By Gerrelda Davis
LPCA, Executive Director
Because I have been given the honor of publishing our first blog post of 2023, I would like to take this opportunity to reflect on our recent trip to Washington D.C. for our first in-person NACHC Policy & Issues Forum since the start of the COVID-19 pandemic and our productive visit to Capitol Hill.
I want to start by thanking all our FQHC members who took time out of their busy schedules to join us in Washington D.C. As healthcare leaders in Louisiana, we all share in the responsibility to advocate on behalf of our patients and educate our policymakers on the healthcare issues that matter most to our communities. I am blown away by our membership’s passion, tireless energy, and enthusiasm when it comes to health center advocacy. Our FQHC members arrived at Hill meetings with talking points and a collection of real-world patient experiences in hand, ready to share with their Member of Congress.
We know that these visits are not about us. These meetings are opportunities for us to use our voices to speak on behalf of those who are often forgotten or overlooked. These Hill visits are about ensuring that our patients, who depend on us, have continued access to the healthcare services they need and deserve.
This year was no different. Here are just a few of the issues we discussed with each of our Members of Congress and their advisors:
Renew and Expand Health Center Funding
Community health center funding and renewed calls for long-term stability are always at the top of our collective priority list. The Community Health Center Fund accounts for nearly 70% of health center funding and expires at the end of FY 2023. This also comes at a time when inflation and soaring workforce costs have made fiscal operations even more challenging. This year, in partnership with NACHC and our colleagues from across the country, we asked that our Members of Congress:
- support bipartisan efforts to extend community health center and primary care workforce funding.
- support continued robust funding in discretionary funding for community health centers through the FY2024 Labor-HHS Appropriations bill by signing the annual appropriations letter.
Community health centers are unique in that they are required to reinvest funds into patient care and, in doing so, can address social barriers to care. Many of our health centers are able to use their funds to provide transportation, WIC and nutrition services, coordinated care services, and more. Dr. Shondra Williams, CEO of InclusivCare, shared an interesting example: her health center is opening an early child care center for working professionals. (Learn more)
Protect the 340B Drug Pricing Program
Community health centers across Louisiana take advantage of 340B drug discounts to provide our uninsured and underinsured patients access to affordable medicines for chronic conditions such as diabetes and asthma. 340B restrictions require health centers to assign medication to one contract pharmacy which limits access for patients who cannot access that pharmacy – specifically for health centers that serve across multiple communities/parishes. The impact of contract pharmacy restrictions and ongoing abuse by Pharmacy Benefit Managers (PBMs) has forced health centers to develop new core principles for reforming the 340B program.
We encouraged out Congressional delegation to:
- amend the 340B statute to protect access for the true safety-net providers.
- provide legislation that requires transparency for covered entities in order to ensure that our vulnerable and underserved patients benefit from the program.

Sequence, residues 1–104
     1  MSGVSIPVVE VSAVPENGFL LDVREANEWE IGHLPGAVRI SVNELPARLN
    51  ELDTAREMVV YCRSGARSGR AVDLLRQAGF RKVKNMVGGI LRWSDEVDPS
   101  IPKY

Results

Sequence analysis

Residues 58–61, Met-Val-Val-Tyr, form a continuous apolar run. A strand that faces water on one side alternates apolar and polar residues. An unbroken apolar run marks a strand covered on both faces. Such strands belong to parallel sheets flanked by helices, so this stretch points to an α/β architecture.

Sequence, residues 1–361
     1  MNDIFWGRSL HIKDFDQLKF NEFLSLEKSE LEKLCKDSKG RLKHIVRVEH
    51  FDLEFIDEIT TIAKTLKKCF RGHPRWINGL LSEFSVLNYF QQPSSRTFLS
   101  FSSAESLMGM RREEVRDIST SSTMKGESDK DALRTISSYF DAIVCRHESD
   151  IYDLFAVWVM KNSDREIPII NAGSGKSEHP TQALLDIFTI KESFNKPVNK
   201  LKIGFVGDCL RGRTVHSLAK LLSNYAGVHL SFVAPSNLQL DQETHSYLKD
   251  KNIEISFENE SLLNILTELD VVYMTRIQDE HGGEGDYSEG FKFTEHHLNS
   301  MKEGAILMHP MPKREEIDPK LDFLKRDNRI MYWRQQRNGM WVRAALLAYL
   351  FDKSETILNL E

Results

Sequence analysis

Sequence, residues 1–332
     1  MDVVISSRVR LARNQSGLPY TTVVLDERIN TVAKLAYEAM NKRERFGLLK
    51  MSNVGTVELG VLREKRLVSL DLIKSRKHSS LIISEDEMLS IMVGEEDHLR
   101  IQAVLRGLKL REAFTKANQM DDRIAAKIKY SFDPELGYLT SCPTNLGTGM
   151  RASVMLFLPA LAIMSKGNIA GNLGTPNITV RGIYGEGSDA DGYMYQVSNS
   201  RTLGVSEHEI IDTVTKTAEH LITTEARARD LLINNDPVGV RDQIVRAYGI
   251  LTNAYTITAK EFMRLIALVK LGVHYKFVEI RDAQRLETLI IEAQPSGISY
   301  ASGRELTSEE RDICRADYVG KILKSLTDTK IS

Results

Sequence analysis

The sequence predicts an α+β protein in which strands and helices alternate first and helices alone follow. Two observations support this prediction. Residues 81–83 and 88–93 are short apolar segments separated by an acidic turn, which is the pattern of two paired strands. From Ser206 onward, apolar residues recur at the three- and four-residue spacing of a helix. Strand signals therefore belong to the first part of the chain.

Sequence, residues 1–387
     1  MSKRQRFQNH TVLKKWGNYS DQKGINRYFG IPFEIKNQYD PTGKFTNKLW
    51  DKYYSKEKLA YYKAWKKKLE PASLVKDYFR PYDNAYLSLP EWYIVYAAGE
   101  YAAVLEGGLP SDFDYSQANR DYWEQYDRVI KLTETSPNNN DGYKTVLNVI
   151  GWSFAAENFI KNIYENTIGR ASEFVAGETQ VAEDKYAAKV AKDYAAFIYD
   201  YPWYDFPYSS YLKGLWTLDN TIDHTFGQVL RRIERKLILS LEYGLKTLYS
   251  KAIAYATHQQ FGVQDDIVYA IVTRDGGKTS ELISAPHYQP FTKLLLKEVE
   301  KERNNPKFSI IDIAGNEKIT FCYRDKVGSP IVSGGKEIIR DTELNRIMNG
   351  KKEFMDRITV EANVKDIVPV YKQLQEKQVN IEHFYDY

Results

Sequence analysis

- preserve and stabilize the 340B program to guarantee continued access for our patients to life-saving prescriptions at affordable costs.
Strengthen Our Health Center Workforce
Like other healthcare organizations across the country, Louisiana’s community health centers are struggling to retain and recruit employees – this has been exacerbated by the COVID-19 pandemic. Burnout, early retirement, and marketplace competition have also strained our fragile workforce. According to a NACHC membership survey, nurses represent the highest-ranked category of workforce loss, followed by administrative staff, behavioral health staff, and dental staff.
We need our federal policymakers to take action, and to:
- support bipartisan efforts to extend funding for the National Health Service Corps.
- provide at least three years of robust funding for the Teaching Health Center Graduate Medical Education (THCGME) Program.
Katie Parnell, CEO of CommuniHealth Services that operates out of Morehouse, Ouachita, and Union Parishes, helped us shed light on the scope of the problem in her community. She shared that a local hospital provides $100K sign-on bonuses to providers—competition that threatens our ability to recruit local providers without the NHSC, THCGME, and similar programs that cover tuition, fees, and educational costs for providers working in healthcare shortage areas after graduation.
For more information on each of these policy priorities, please refer to NACHC’s policy papers.
By all accounts, our Hill meetings were a great success! However, as we all know, the work continues. It is up to us to ensure that we hold these elected officials accountable. Over the course of the year, we’ll follow-up with them regularly and remind them that our patients deserve their focus and attention.
Over the coming months, and with National Health Center Week on the horizon, rest assured that our team here at LPCA will build on this momentum. We’ll encourage each of our Members of Congress to visit a health center in their district. This is where our message really hits home—where our elected officials can experience firsthand how community health centers improve the health and well-being of their communities. This is where they can see how we’re doing our part to move Louisiana’s health forward.
And we’ll insist that they do theirs.